Tai Chi Research

Various research is being done globally on the health benefits of Tai Chi Chuan. The U.S. National Institutes of Health have already done thirteen clinical trials and are in the process of conducting another twelve studies. Examples of these are research into the benefits of Tai Chi on Osteoporosis, Rheumatoid Arthritis, Heart Failure, Parkinson's Disease, Sleep Deprivation, Cancer, Fibromyalgia, Shingles, Low Back Pain, Diabetic Neuropathies, Peripheral Nervous System Diseases, HIV Infections, Cardiovascular Disease, Chronic Hepatitis C etc.

If any South African or Cape Town based institutions are interested in conducting similar research please contact us. We are in the process of establishing a research association for Tai Chi and Chi Kung and would be willing to assist in conducting similar clinical research. Having seen first hand the benefits of Tai Chi as an instructor (similar to the research shown underneath) we are enthusiastic to promote Tai Chi as a scientifically supported health exercise.

Research done in Taiwan and is to be published in the British Journal of Sports Medicine:


LONDON: Tai Chi Chuan, the traditional Chinese martial arts exercises, could help curb symptoms of type 2 diabetes, according to a new study.

The study suggested that Tai Chi might prompt a fall in blood glucose levels, or improve blood glucose metabolism, triggering a drop in the inflammatory response, reports the British Medical Journal.

The findings of the study indicate that regular Tai Chi Chuan exercise improves T cell helper function of patients with type 2 diabetes mellitus with an increase in T-bet transcription factor and IL-12 production.

T cells are a vital constituent of the body's immune system, which generate powerful chemicals, including interleukins (ILs), which alter the immune response.

For the study, the scientists examined the impact of a 12-week programme of Tai Chi exercises on the T helper cell activity of 30 patients with type 2 diabetes and 30 healthy people of the same age.

The researchers observed that at the end of the 12-week programme, there was a significant fall of 7.59 percent to 7.16 percent in the glycated haemoglobin levels in the diabetic patients. It was found that the levels of interleukin-12, which boosts the immune response, doubled; while the levels of interleukin-4, which suppresses the immune response fell. In addition, there was a significant increase in T cell activity.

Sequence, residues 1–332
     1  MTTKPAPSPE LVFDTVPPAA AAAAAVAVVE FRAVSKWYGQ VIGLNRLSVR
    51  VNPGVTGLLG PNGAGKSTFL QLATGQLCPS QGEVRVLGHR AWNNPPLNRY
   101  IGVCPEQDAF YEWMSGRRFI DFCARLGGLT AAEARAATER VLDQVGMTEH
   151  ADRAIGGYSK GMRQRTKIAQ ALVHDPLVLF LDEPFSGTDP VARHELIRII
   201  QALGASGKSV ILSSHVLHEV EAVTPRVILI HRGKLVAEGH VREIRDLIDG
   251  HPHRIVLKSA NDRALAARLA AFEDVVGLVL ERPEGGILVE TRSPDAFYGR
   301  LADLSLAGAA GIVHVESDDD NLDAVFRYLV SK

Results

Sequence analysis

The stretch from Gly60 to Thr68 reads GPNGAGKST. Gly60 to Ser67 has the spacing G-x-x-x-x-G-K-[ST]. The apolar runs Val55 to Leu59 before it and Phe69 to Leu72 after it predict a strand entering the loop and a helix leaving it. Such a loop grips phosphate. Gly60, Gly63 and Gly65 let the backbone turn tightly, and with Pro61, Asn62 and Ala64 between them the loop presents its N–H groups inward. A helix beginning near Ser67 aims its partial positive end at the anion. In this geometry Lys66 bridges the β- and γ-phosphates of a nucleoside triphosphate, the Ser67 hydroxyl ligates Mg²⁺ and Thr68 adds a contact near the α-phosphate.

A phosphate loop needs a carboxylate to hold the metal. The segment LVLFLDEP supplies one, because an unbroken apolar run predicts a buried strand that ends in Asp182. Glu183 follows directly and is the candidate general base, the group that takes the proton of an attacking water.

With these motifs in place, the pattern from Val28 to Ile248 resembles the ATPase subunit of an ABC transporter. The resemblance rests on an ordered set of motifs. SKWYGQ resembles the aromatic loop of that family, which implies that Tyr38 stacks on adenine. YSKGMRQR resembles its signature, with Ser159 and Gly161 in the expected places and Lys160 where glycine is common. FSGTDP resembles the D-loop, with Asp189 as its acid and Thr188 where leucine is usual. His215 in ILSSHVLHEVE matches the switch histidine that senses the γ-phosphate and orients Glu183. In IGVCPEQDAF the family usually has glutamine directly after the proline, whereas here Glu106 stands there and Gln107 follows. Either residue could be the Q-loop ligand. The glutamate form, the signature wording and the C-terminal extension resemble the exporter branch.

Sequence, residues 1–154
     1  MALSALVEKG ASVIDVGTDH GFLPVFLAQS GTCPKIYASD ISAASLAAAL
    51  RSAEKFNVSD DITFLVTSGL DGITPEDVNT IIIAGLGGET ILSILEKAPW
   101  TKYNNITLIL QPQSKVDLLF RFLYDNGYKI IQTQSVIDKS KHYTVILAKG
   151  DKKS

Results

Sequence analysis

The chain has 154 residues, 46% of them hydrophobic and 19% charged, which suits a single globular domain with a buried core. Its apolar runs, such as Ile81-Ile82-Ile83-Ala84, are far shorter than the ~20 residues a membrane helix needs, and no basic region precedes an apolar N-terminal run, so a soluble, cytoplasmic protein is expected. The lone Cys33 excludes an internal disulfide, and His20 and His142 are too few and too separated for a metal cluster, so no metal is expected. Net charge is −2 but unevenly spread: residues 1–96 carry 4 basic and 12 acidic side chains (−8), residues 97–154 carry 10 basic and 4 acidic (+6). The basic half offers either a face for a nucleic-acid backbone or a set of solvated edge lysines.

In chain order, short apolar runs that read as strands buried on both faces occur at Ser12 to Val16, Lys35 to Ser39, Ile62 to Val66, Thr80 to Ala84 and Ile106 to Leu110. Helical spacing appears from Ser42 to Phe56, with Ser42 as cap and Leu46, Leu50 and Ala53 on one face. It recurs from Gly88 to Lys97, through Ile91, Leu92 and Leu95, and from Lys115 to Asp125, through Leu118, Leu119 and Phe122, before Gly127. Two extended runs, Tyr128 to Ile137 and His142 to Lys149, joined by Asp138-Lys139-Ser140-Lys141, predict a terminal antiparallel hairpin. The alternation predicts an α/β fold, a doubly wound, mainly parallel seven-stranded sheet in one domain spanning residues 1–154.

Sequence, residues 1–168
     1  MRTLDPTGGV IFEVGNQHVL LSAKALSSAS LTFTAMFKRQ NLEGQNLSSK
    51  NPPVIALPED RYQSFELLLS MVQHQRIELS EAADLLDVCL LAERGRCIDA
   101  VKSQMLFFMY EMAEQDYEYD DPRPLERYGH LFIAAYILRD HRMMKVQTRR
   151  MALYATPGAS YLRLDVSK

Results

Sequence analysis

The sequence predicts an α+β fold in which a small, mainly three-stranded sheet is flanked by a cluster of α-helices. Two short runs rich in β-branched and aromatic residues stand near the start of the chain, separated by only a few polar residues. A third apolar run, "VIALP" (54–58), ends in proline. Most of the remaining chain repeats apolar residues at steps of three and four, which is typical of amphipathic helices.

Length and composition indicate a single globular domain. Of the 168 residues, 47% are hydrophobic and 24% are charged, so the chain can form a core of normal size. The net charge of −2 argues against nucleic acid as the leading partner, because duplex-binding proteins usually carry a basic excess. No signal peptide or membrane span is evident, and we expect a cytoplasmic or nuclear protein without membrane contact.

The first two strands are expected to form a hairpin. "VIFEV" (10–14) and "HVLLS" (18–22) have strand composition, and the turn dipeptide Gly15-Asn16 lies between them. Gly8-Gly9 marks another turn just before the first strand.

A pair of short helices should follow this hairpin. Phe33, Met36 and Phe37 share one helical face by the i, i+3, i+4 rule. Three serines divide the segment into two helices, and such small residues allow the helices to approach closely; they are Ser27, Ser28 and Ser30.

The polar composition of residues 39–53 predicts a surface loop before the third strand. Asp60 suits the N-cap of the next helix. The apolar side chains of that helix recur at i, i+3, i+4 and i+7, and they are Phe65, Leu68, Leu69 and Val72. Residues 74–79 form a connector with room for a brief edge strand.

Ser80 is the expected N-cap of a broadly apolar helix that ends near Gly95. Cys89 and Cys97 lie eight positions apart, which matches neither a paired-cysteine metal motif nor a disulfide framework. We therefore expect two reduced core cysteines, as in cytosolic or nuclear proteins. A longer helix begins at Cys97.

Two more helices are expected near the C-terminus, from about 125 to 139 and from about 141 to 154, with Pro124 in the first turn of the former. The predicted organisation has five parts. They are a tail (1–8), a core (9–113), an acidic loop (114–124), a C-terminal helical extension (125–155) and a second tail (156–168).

Participants practiced the exercises for about an hour and half up to three times a week for 12 weeks. In addition to the chemical benefits, patients lost an average of 6.6 pounds, reduced their waist size by almost three centimeters and saw their blood pressure fall more than would be expected from the weight loss alone, say the authors

The authors of the study said that strenuous physical activity result in disruption of the immune system response, but moderate exercise appears to trigger the opposite effect. Tai Chi is classified as moderate exercise.

Previous research has shown that it boosts cardiovascular and respiratory function, as well as improving flexibility and relieving stress, they added.

Tai Chi may prompt a fall in blood glucose levels, or improve blood glucose metabolism, sparking a drop in the inflammatory response.

In a separate study, a 12 week programme of Tai Chi and Qigong (another Chinese exercise) prompted a significant fall in blood glucose levels and significant improvements in other indicators of the metabolic syndrome in 11 middle aged to older adults.

The metabolic syndrome is a cluster of symptoms, including high blood pressure and high blood glucose that is associated with increased risks of cardiovascular disease and diabetes.

 
 
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